City council had originally balked at awarding the asphalt contract to suppliers that had been named during the Charbonneau corruption inquiry.
The city’s contract for its asphalt supply was set to run out on April 15 and councillors were forced to decide between letting the asphalt supply run out, or awarding the multi-million dollar contract to companies that had come under suspicion.
Mayor Michael Applebaum even reached out to the public several weeks ago through an online poll. He asked Montrealers to vote on whether the contracts should be honoured.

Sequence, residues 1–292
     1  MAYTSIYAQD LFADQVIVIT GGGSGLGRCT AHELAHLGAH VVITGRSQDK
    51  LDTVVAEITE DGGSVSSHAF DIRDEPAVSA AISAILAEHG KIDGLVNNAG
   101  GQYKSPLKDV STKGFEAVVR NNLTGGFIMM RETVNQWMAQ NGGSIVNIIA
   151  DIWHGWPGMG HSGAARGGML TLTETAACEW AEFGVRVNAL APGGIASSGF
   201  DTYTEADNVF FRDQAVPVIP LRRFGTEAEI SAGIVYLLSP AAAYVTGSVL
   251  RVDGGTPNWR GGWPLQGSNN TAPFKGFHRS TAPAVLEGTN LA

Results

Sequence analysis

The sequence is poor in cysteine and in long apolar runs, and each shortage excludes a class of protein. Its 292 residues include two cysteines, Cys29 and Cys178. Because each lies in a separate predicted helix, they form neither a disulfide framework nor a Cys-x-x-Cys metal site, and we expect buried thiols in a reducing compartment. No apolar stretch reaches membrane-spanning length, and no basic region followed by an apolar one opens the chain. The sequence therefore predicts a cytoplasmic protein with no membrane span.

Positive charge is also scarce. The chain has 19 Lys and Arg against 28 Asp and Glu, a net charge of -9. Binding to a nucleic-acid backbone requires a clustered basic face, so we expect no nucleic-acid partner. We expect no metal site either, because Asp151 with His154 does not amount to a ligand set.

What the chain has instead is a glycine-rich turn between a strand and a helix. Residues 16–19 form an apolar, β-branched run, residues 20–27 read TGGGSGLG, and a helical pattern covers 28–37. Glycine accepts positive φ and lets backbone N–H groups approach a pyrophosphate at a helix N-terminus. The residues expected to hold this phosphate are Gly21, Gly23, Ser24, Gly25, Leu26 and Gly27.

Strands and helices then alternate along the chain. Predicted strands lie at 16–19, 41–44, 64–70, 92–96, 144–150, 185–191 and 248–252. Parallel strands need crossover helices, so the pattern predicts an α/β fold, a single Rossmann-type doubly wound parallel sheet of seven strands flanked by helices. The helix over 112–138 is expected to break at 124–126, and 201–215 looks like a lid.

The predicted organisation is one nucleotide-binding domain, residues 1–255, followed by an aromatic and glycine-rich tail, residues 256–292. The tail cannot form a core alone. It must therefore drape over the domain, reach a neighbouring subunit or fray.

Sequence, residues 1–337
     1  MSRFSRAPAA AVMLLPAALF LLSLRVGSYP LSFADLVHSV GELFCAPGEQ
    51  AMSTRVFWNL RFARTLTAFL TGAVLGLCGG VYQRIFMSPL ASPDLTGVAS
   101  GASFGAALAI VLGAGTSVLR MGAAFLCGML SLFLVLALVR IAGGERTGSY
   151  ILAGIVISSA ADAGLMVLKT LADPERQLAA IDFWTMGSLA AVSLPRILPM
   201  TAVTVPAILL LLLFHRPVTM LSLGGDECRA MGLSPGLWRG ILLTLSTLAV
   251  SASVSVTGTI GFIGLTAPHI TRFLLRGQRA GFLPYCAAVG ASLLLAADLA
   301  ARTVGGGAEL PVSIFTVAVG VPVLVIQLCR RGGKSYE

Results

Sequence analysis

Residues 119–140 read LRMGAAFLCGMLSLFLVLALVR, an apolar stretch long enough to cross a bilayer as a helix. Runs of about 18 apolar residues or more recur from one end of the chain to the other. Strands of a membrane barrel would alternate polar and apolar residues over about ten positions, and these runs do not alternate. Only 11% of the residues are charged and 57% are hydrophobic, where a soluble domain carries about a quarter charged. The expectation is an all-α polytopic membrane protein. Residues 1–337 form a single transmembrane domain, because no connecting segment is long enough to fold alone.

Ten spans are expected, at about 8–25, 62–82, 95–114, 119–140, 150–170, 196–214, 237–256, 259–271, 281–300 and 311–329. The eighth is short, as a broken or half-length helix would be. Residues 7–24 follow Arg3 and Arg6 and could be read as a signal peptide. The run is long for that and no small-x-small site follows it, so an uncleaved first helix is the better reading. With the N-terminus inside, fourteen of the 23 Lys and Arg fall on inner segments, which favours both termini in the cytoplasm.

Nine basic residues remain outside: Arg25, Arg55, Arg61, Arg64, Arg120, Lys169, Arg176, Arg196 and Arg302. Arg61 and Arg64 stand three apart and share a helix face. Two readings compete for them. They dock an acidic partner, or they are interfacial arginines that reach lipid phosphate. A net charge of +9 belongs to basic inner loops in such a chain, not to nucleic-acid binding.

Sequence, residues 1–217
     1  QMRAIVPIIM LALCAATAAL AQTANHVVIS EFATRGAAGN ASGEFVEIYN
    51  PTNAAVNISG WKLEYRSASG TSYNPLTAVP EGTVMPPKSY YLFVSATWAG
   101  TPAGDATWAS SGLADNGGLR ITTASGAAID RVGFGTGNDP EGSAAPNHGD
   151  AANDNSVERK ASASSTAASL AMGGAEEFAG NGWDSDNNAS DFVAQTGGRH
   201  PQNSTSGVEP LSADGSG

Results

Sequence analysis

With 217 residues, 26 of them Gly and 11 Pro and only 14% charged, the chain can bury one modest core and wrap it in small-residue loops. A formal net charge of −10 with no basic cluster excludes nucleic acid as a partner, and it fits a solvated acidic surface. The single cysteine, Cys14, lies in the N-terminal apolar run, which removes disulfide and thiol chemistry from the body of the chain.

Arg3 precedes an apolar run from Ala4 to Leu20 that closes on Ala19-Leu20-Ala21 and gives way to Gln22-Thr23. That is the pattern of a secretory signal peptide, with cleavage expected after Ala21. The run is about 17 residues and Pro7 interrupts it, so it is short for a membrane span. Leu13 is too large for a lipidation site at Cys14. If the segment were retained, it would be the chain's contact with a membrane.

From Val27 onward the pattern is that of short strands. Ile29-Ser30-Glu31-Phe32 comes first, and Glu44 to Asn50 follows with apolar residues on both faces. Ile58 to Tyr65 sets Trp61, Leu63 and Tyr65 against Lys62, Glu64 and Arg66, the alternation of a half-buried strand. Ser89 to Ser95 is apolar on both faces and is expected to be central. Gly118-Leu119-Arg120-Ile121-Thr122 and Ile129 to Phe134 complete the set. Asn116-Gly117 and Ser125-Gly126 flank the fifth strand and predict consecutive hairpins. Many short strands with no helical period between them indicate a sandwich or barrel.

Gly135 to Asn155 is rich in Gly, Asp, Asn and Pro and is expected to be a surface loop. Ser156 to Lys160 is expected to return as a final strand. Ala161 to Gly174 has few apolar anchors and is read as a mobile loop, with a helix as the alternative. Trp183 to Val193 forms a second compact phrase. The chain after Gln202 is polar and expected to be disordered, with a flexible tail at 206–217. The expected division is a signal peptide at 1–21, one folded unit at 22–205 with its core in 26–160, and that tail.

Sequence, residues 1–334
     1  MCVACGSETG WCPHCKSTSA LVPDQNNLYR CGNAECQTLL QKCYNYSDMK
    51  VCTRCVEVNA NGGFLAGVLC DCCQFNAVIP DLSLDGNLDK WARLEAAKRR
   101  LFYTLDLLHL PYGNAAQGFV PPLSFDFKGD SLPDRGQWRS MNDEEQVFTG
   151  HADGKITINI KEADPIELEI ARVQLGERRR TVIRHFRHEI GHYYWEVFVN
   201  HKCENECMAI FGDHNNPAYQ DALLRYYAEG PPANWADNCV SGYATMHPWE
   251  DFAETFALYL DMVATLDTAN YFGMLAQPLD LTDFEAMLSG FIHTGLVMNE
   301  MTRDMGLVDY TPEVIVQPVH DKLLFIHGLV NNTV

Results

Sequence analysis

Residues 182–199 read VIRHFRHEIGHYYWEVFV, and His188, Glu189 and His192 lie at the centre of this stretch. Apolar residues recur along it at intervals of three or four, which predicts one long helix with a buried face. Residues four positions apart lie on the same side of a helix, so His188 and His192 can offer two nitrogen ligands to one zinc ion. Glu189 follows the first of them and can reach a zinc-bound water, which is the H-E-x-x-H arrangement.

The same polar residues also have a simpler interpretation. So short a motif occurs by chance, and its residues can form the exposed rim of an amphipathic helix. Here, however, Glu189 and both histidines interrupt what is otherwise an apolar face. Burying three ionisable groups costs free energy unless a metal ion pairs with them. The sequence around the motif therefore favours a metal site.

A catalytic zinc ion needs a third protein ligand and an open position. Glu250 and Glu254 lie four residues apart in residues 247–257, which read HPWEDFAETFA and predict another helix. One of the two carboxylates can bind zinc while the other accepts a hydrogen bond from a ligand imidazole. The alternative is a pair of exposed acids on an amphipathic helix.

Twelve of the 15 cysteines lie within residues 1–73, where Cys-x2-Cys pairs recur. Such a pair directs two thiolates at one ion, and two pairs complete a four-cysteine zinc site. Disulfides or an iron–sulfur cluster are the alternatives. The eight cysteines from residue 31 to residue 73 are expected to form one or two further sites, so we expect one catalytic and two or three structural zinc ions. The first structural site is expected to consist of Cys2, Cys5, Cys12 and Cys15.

Sixty per cent of respondents voted against buying the asphalt.
But Applebaum said council had no choice.
"It's a difficult situation for the elected officials, but you have to realize that for the security of Montreal, for the economic development of Montreal — it's important that we go forward," he said.
Many councillors said they were voting reluctantly.
Earlier this week, Vision Montréal Leader, Louise Harel, suggested the city should look into building and operating its own asphalt plant.Suggest a correction